Lack of buy-in from employees is one of the leading causes of ERP implementation failure, according to a recent
report from Panorama Consulting Group.
Of the 1,300 companies the Denver-based ERP consulting firm surveyed, 93% said their ERP implementation projects took much longer than expected, and 65% indicated that they went over budget. The majority of ERP implementations took between four and 18 months, according to the report.
Assembling a team with a strong project manager and "A-players" from several departments to identify and track key business needs will help ensure ERP implementation success. That includes involving executives outside IT in vendor evaluation and process planning to identify the benefits and hidden costs of ERP projects, according to Panorama president Eric Kimberling.
"Really focus on the business -- because it's not about the software," Kimberling said. "Set realistic expectations, and take the time to really plan the project. Go in with eyes wide open."
Taking time to prepare an ERP implementation plan up front -- including validating business requirements, the implementation project plan and spending at least four months evaluating vendors -- will help companies develop a realistic implementation timeline and budget, Kimberling said.
He also recommends looking for the hidden costs associated with ERP implementations, including hardware, training, organizational change management, project management, hiring temporary contractors to replace team members, and software customization.
"Many ERP software vendors fail to adequately manage client expectations about the implementation duration," the report reads. "The most successful ERP implementations occur in companies that have realistic expectations about how much time and effort is required."
Part of that planning process involves assembling a good ERP implementation team. To increase employee buy-in, involve many employees from the business side. These employees should not only help evaluate, select and implement the software, Kimberling said, they should define how the company's business is going to look once the software is live.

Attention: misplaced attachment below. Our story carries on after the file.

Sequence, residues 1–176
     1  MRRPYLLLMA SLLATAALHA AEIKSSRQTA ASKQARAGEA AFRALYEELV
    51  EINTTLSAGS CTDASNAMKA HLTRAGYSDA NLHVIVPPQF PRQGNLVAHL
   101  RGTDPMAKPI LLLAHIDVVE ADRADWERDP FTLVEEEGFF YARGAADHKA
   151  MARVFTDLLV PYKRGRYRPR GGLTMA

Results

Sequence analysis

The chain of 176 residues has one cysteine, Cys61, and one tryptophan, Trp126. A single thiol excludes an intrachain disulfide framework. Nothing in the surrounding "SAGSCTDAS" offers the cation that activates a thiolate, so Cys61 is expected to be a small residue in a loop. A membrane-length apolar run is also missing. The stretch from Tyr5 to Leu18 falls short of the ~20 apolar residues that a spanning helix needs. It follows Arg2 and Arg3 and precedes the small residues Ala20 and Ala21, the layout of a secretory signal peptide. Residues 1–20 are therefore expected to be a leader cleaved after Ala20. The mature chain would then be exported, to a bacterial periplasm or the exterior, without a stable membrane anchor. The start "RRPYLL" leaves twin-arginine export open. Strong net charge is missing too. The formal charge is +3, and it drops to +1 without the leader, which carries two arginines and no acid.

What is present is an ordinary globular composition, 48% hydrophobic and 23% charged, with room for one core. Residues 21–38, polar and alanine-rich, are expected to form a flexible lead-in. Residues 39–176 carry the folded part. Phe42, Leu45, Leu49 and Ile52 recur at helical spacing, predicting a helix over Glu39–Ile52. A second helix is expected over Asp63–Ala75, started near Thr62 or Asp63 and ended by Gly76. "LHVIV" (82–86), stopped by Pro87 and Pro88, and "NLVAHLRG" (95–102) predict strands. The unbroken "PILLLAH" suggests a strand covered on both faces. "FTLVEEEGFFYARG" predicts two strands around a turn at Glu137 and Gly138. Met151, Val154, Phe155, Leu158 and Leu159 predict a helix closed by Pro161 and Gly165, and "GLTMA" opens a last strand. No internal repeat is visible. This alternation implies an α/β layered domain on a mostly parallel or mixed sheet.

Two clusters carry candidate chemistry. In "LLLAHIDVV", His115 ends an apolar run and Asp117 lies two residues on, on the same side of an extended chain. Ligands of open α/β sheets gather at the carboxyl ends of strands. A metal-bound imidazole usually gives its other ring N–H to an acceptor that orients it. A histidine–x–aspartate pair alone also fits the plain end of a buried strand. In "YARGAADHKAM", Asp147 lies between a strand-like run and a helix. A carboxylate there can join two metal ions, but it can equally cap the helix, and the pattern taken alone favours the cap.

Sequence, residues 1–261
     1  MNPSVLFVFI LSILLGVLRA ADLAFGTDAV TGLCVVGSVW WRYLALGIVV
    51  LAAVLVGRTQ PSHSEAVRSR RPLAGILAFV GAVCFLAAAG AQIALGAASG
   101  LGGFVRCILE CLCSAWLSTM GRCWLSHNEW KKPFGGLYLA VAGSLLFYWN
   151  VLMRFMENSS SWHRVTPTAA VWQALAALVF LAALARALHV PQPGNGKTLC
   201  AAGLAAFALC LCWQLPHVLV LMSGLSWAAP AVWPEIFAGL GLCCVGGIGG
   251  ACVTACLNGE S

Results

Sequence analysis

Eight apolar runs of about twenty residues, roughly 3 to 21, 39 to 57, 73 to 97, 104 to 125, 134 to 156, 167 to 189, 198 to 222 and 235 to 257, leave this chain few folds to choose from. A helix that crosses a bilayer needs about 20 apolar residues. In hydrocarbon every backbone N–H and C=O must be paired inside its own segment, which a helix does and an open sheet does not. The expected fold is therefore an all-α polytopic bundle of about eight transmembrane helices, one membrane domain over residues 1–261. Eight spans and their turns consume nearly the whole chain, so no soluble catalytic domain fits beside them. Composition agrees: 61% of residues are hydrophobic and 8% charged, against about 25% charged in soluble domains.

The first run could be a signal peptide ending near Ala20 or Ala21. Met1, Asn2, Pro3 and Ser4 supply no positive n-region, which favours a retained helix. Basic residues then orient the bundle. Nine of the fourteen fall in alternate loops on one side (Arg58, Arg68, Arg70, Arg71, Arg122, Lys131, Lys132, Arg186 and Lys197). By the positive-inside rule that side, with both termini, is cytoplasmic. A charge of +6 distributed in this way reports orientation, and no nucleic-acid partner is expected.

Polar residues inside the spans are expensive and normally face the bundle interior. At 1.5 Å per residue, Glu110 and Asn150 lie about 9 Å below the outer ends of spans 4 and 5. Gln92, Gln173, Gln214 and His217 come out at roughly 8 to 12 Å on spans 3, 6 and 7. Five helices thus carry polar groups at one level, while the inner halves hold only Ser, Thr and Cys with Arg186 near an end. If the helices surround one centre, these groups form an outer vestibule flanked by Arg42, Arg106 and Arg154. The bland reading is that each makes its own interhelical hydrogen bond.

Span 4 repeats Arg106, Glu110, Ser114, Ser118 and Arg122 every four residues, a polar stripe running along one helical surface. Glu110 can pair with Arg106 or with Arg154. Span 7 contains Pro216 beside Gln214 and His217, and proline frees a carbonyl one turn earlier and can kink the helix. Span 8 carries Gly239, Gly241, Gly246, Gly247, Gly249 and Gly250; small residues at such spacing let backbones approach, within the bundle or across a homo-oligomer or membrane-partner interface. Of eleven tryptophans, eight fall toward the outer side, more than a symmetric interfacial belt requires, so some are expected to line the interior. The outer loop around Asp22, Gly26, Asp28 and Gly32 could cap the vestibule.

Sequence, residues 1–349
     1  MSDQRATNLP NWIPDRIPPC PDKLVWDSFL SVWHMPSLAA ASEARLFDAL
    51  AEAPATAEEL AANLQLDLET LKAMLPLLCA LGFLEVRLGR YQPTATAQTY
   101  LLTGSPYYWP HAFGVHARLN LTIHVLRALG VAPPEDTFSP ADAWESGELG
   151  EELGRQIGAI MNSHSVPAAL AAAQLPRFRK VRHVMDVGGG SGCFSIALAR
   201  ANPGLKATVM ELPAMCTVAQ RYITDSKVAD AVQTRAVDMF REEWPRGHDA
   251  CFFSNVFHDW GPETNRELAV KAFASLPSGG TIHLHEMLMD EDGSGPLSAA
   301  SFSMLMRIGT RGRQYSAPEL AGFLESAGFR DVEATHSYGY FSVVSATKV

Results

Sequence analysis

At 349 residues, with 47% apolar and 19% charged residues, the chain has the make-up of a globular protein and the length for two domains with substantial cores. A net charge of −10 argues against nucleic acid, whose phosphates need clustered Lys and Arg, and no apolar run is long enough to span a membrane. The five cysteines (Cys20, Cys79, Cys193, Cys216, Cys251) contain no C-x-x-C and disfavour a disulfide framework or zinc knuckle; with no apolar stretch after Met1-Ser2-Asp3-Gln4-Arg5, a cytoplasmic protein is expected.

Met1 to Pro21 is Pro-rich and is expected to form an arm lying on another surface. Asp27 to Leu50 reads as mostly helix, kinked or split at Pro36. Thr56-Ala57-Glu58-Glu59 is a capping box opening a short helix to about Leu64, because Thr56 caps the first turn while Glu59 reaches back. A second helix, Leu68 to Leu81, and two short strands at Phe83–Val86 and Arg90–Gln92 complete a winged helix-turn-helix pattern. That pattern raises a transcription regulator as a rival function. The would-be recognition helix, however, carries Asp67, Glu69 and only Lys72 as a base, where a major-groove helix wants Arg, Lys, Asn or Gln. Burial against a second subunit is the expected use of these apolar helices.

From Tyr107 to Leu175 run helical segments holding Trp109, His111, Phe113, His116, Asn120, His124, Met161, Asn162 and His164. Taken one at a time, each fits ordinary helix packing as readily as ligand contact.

Choose people who have been involved with an ERP implementation project before and who have an ability to look beyond how the business currently works to how it could work better, he said. Choose a project manager who has worked on a project of this size before.
In turn, increasing employee buy-in requires investing in adequate training and change management.
"The system -- no matter how advanced -- will prove to be ineffective if the staff does not understand how to use it," the report reads. "A focus on training, organizational change management, job design, and other employee support measures is crucial to any ERP project."
Also, make sure there's a strong focus on the data, and invest heavily in data cleansing, mapping, migration and verification, Panorama says.
But above all, proper planning will help the company to ensure that it's the right time for ERP, and -- if not -- to consider alternatives.
"Even companies with the most manual processes and outdated technologies may not be suited for immediate ERP implementations," the report reads. "Perhaps a better or more cost-effective solution, such as business process improvements to the current system, will provide more immediate bang for the buck."